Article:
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Student Well-Being

How Districts Can Respond to a Student’s Suicide

By Caitlynn Peetz — February 22, 2023 9 min read
High angle photograph of a group of teenagers sitting in a circle during group therapy.
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If you or anyone you know is struggling with thoughts of self-harm or suicide, help is available. Call or text 988 to reach the confidential National Suicide Prevention Lifeline or check out these resources from the American Foundation for Suicide Prevention.

When a child dies by suicide, schools are often tasked with leading students through the grief that inevitably permeates the classroom.

It’s a particularly challenging crisis to navigate. Leaders must address stigma, complex emotions, and death, while also working to prevent other deaths by suicide.

Though not a new problem, districts across the country are struggling to keep pace with students’ heightened mental health needs, a problem only exacerbated by the COVID-19 pandemic.

Youth depression rates are on the rise, and suicide is the second leading cause of death for children aged 10-24.

The most recent CDC Youth Risk Behavior survey, released in February, showed 22 percent of high school students—nearly one in four—seriously considered attempting suicide during the past year; 18 percent made a suicide plan; and 10 percent attempted suicide. LGBTQ+ students were most likely to report having suicidal thoughts and behaviors.

Unfortunately, many schools and districts will be faced with responding to a student’s death by suicide. And because youth are the most prone to a phenomenon known as “suicide contagion”—when exposure to suicide or suicidal behavior influences others to attempt suicide—it is critical that they respond appropriately.

That can prove challenging with such emotionally charged and difficult-to-understand deaths.

“We have to overcome this level of shame and blame and guilt that exists around suicide,” said Alexandra Karydi, director of the Suicide Prevention Resource Center’s States and Communities Initiative. “It’s not a character defect of the person who died, and it’s not a character defect of people who are not able to help. It’s a health condition, like any other health condition.”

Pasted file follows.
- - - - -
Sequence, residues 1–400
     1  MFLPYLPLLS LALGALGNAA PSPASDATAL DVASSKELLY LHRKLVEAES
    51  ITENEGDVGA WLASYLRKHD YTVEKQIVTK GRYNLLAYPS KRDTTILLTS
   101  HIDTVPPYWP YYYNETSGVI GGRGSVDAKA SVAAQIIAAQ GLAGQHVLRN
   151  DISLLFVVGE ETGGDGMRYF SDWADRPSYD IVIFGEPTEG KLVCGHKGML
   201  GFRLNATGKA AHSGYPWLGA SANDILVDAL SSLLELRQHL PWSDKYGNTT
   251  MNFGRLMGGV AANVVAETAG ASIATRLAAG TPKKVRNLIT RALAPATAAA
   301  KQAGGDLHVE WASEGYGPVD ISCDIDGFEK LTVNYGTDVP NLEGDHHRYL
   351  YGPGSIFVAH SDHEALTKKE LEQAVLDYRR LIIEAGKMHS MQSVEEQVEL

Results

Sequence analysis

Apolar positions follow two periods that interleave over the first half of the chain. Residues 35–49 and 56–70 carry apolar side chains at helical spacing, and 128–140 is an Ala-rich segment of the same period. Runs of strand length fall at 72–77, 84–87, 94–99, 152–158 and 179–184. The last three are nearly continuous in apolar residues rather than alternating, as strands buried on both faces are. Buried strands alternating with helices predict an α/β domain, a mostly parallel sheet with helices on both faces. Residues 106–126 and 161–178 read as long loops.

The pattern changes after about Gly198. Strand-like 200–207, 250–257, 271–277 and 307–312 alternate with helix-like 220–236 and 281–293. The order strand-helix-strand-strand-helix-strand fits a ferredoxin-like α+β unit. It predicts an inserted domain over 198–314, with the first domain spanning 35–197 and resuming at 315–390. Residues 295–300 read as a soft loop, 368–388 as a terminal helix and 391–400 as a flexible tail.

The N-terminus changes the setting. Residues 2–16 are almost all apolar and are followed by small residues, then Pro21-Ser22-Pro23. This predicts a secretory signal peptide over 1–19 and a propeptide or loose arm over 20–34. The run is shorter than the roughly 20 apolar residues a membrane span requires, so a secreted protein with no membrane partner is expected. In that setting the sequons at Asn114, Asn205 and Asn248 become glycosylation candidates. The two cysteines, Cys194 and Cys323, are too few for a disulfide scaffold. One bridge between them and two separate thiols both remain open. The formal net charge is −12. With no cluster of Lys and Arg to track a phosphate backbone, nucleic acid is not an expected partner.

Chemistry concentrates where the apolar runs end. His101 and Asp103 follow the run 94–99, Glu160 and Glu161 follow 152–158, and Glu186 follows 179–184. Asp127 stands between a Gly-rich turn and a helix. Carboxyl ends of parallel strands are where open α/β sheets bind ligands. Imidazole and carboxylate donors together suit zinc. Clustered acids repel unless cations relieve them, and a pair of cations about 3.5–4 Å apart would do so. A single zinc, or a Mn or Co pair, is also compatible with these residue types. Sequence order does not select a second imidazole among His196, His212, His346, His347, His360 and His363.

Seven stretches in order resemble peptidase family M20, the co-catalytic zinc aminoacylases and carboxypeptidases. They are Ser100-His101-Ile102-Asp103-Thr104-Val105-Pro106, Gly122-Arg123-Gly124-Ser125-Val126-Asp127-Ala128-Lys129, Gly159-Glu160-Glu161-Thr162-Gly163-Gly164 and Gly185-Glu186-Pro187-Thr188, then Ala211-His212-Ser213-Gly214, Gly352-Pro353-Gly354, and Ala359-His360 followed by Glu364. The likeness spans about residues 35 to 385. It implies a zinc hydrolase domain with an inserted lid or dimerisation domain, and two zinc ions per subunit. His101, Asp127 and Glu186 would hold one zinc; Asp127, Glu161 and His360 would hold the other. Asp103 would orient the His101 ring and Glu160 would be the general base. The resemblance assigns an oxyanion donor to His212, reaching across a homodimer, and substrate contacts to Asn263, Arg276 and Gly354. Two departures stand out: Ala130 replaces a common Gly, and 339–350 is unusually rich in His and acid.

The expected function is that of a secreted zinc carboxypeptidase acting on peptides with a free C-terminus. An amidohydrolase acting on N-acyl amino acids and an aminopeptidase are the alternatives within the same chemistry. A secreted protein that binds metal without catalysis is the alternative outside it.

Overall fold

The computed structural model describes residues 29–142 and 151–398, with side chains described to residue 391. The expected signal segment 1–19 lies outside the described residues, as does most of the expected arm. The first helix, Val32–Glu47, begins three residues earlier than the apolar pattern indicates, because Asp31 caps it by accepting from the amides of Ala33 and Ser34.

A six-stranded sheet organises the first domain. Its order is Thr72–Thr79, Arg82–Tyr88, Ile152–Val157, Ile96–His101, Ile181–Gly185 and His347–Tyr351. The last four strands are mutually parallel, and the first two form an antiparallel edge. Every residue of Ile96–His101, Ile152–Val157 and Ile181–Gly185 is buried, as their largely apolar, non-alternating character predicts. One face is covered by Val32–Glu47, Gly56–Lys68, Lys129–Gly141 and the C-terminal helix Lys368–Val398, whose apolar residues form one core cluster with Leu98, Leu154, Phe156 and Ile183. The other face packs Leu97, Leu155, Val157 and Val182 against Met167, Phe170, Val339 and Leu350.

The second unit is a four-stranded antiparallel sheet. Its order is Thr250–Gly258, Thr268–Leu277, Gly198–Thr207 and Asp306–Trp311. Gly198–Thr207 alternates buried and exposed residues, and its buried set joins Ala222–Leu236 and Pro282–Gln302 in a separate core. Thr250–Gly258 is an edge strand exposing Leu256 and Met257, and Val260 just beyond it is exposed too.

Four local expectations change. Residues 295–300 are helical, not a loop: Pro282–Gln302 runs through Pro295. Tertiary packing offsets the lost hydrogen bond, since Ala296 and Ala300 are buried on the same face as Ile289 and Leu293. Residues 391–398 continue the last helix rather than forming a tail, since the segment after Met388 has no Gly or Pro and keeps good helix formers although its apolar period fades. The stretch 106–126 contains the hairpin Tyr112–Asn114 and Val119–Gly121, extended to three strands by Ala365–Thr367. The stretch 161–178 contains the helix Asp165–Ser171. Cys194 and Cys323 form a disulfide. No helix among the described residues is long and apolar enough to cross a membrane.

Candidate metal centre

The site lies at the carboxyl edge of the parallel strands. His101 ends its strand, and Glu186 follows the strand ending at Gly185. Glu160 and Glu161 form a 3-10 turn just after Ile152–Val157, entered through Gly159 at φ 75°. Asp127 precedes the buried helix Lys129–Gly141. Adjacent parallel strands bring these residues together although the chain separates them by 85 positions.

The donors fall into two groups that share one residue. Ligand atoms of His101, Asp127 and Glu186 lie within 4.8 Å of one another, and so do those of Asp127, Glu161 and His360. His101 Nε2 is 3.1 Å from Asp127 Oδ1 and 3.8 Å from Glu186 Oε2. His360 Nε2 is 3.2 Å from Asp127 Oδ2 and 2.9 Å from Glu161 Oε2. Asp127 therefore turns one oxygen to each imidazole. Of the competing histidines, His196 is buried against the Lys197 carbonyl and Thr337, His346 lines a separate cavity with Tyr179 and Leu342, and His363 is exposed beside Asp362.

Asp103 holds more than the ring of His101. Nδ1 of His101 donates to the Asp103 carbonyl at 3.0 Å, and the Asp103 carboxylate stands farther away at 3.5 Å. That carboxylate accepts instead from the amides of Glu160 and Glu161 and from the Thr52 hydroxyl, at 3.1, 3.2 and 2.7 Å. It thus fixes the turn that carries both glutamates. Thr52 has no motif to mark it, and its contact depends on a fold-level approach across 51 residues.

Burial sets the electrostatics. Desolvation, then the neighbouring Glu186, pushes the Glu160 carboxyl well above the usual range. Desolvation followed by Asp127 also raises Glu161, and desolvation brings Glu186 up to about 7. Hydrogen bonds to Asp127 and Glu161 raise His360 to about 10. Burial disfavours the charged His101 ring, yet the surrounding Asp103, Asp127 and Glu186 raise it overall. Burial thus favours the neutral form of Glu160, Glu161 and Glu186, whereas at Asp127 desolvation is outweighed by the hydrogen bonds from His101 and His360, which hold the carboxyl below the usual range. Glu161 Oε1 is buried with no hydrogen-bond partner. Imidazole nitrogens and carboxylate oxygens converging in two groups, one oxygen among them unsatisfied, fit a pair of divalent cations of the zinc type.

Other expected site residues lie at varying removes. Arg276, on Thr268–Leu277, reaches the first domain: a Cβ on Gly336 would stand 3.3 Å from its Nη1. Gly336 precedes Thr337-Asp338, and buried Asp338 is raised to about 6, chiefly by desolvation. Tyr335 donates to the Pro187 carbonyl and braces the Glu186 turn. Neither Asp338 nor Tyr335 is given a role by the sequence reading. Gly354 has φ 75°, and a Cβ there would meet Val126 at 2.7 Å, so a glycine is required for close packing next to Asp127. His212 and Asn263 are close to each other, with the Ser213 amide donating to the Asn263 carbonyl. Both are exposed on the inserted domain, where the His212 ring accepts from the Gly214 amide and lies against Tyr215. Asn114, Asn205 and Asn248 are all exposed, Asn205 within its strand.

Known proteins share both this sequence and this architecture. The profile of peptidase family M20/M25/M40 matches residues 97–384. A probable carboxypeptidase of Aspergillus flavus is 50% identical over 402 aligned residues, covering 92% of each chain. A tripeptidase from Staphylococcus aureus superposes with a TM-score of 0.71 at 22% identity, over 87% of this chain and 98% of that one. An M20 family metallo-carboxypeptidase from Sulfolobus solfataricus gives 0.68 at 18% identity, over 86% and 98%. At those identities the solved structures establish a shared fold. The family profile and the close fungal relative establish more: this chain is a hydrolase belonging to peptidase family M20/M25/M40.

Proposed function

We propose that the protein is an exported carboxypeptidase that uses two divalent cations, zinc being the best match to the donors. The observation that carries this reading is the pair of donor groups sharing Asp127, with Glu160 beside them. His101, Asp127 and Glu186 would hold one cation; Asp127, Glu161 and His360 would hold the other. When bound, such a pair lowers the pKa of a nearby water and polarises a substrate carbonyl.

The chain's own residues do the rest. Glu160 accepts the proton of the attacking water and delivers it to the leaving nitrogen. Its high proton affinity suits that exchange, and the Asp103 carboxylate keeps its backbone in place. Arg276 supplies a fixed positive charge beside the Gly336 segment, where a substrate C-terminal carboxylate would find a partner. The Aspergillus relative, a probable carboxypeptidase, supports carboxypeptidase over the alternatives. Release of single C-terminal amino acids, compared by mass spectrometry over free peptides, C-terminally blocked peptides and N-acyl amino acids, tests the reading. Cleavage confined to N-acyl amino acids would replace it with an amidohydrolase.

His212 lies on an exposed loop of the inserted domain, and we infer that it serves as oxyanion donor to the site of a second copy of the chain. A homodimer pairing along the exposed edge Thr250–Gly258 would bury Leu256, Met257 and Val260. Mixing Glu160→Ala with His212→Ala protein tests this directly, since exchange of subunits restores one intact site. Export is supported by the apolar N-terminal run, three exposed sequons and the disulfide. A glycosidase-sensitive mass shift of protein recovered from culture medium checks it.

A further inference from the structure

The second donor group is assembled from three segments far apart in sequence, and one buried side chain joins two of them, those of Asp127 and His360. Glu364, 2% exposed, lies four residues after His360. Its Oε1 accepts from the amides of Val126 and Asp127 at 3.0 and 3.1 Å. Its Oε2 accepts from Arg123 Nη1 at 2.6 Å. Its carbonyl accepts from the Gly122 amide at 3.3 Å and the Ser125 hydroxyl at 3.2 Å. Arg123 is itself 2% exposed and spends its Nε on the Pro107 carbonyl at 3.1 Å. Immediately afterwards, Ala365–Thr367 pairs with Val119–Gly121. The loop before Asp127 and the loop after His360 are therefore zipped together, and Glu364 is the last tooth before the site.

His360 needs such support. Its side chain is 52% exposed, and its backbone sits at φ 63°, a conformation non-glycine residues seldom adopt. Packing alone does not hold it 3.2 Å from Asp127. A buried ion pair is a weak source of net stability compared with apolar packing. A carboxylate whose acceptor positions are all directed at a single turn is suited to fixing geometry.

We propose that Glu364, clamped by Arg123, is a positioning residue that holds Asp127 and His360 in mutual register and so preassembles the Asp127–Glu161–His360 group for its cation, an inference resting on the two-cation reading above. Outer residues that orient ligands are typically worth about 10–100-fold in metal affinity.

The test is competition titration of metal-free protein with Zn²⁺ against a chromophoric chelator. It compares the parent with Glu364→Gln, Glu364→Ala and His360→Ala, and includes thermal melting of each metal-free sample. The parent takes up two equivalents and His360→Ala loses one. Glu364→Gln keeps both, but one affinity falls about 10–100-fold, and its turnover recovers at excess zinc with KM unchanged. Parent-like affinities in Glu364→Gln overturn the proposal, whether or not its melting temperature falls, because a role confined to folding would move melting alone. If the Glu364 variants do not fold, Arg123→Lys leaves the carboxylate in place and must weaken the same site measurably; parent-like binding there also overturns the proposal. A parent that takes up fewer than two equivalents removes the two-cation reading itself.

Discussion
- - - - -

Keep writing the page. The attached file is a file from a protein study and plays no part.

A district in New Jersey, for example, came under fire this month for its response to a student’s suicide, with its superintendent ultimately resigning amid the backlash.

Fourteen-year-old Adriana Kuch died by suicide early this month just days after she was attacked in school. The attack was recorded and shared on social media, and Adriana’s father has said the emotional toll was overwhelming for the teen.

In the days following Adriana’s death, the superintendent, Triantafillos Parlapanides, made disparaging comments about the child and her family to the Daily Mail, a British tabloid. He resigned a day after the article appeared.

Experts on youth suicide prevention and postvention—the response to suicide—say it is critical that school and district leaders are prepared to respond empathetically and appropriately to students’ deaths, which can be tremendously difficult for other children to process.

It can be helpful to have staff participate in suicide prevention training and to have policies in place addressing what should happen if a teacher suspects a student is considering suicide, how information is shared with the community if a student dies, and any parameters or restrictions around memorial displays and events.

In interviews with Education Week, experts shared some tips and best practices for districts to consider.

Don’t glamorize or fixate on how the student died

Unlike other deaths, youth suicides come with the risk of “contagion,” and students with mental health concerns could be at heightened risk for suicide immediately following a classmate’s suicide, so it’s important to avoid glamorizing suicide or idealizing the person who died, Karydi said.

Administrators should talk about the student in the same way they would talk about any student who dies.

Avoid making the announcement in a large assembly or over the school’s intercom, said Stephen Brock, school psychology program coordinator at California State University, Sacramento, and lead author of the National Association of School Psychologists’ school safety and crisis response training. Notifications should be made in small groups when possible, like in homeroom classes.

Schools should immediately mobilize a “crisis response team” to take the lead on the response. The team should include administrators, counselors, social workers, psychologists, nurses, and school resource officers, if available.

Validate feelings and give kids time to grieve

Grief manifests differently for everyone, and it’s important to give students space to grieve in whatever way feels natural. Some may react very emotionally, while others might withdraw.

Regardless, nobody should tell students how they “should” react, or minimize their feelings, Karydi said.

“You have to give people space to grieve, and you can’t shut them down with toxic positivity like, ‘It’s going to be OK,’” Karydi said. “Feeling sad after somebody dies is really normal, and you don’t need to squash that right away. In fact, people who have time to heal and feel their community helping them heal, heal better.”

Private spaces should be set up for students to talk with counselors or other trained mental health professionals, but school staff shouldn’t assume students will seek out a therapist because they’re feeling sad. Schools should set up information about available mental health resources in a visible area.

In the days following a student’s suicide, schools should share information through in-person discussions and handouts about suicide, including coping strategies students can use when intense emotions come up. Those strategies include breathing exercises, exercise, and writing down a list of people to turn to for support.

Students may need help identifying their emotions, and it can be helpful for adults to ask them questions such as, “What is your biggest concern about the immediate future?” or “What would help you feel safer right now?”